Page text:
By: Sandy Feather ©2010
Penn State Extension
Q. I planted an asparagus bed this spring. This is the first time I've grown asparagus, and I've been dismayed to see these small, dark, worm-like creatures eating the foliage. Can you tell me what they are and how I can protect my asparagus from them?
A. Asparagus beetles are the most common pests of asparagus in our area. There are two species, common asparagus beetle (Crioceris asparagi) and spotted (Crioceris duodecimpunctata). Common adults have reddish bodies with black stripes and cream-yellow patches on their wing covers. The worm-like creatures you noticed are the larvae. They are typically dark gray to olive green with black legs and head. The spotted asparagus beetle adult is reddish-orange with six black spots on each wing cover. The larvae are yellowish-orange with black legs and head.
Adults overwinter in garden debris, emerging as asparagus begins to grow in spring. They feed on the tender new tips and soon lay eggs on them. The larvae hatch in three to 12 days.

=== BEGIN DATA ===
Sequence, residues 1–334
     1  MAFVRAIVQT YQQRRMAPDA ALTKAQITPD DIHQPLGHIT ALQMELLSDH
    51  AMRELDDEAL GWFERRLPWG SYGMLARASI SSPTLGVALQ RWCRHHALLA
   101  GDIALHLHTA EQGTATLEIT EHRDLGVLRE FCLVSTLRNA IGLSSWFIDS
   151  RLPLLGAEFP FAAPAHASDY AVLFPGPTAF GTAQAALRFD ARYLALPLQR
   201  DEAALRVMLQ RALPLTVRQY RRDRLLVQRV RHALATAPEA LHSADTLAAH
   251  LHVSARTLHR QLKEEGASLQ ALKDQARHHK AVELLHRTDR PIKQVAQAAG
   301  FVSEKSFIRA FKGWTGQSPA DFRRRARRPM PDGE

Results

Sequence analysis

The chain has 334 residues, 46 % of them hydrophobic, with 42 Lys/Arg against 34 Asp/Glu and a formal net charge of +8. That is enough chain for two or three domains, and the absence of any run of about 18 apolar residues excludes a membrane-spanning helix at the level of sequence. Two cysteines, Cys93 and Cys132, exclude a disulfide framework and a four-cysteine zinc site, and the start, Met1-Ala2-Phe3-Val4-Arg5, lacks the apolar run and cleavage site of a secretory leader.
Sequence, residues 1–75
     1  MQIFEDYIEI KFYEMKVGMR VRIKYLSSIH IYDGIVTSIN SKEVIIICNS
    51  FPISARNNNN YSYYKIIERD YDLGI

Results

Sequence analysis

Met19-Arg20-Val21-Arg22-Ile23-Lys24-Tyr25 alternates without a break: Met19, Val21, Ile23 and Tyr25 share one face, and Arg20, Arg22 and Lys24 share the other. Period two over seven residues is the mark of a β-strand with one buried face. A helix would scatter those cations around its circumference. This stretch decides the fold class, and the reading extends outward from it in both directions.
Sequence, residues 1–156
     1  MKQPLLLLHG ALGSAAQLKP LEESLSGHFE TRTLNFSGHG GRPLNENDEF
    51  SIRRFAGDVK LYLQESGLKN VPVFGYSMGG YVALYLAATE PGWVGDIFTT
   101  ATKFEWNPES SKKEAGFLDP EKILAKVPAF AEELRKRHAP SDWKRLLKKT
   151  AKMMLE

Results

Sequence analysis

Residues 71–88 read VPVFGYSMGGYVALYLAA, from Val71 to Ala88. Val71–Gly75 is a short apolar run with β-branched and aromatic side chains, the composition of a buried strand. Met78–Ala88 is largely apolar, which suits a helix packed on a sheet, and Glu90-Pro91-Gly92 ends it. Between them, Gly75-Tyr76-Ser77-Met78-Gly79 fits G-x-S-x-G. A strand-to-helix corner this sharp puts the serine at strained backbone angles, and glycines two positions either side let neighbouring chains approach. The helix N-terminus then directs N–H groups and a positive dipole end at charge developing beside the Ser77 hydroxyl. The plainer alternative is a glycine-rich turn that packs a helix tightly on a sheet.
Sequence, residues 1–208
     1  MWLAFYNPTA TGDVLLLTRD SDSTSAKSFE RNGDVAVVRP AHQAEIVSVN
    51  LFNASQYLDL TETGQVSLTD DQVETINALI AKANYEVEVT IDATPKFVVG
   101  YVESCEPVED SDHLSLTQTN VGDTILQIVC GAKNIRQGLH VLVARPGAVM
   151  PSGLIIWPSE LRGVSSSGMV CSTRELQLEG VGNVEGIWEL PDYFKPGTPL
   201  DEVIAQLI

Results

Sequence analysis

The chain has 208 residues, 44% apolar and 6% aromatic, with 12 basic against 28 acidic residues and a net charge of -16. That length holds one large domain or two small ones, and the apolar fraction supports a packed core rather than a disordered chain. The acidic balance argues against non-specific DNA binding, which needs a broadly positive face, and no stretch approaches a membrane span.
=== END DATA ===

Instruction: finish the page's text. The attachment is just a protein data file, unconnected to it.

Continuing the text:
The larvae of common asparagus beetles feed on the foliage and stems while those of the spotted species prefer to feed in the berries of female plants. When grubs are mature, they move to the ground and build earthen cells where they pupate.
Control options include cutting the shoots off cleanly at the ground during the harvest season. This helps eliminate the eggs of common asparagus beetles before they build up a large population in the garden.
Gathering and disposing of the berries helps provide non-chemical control of spotted asparagus beetles. Handpicking the adult beetles and dropping them into a bucket of soapy water can be effective in small asparagus patches.
Be sure to clean up the asparagus patch thoroughly in the fall by cutting the plants to the ground after they have been killed by frost. Remove any summer mulch and re-mulch with fresh straw or shredded leaves. This eliminates many of the overwintering places for the adults. Pyrethrins and neem are plant-based insecticides that are labeled to control asparagus beetles and are approved for organic production. Conventional gardeners can use Sevin (carbaryl) to control these pests.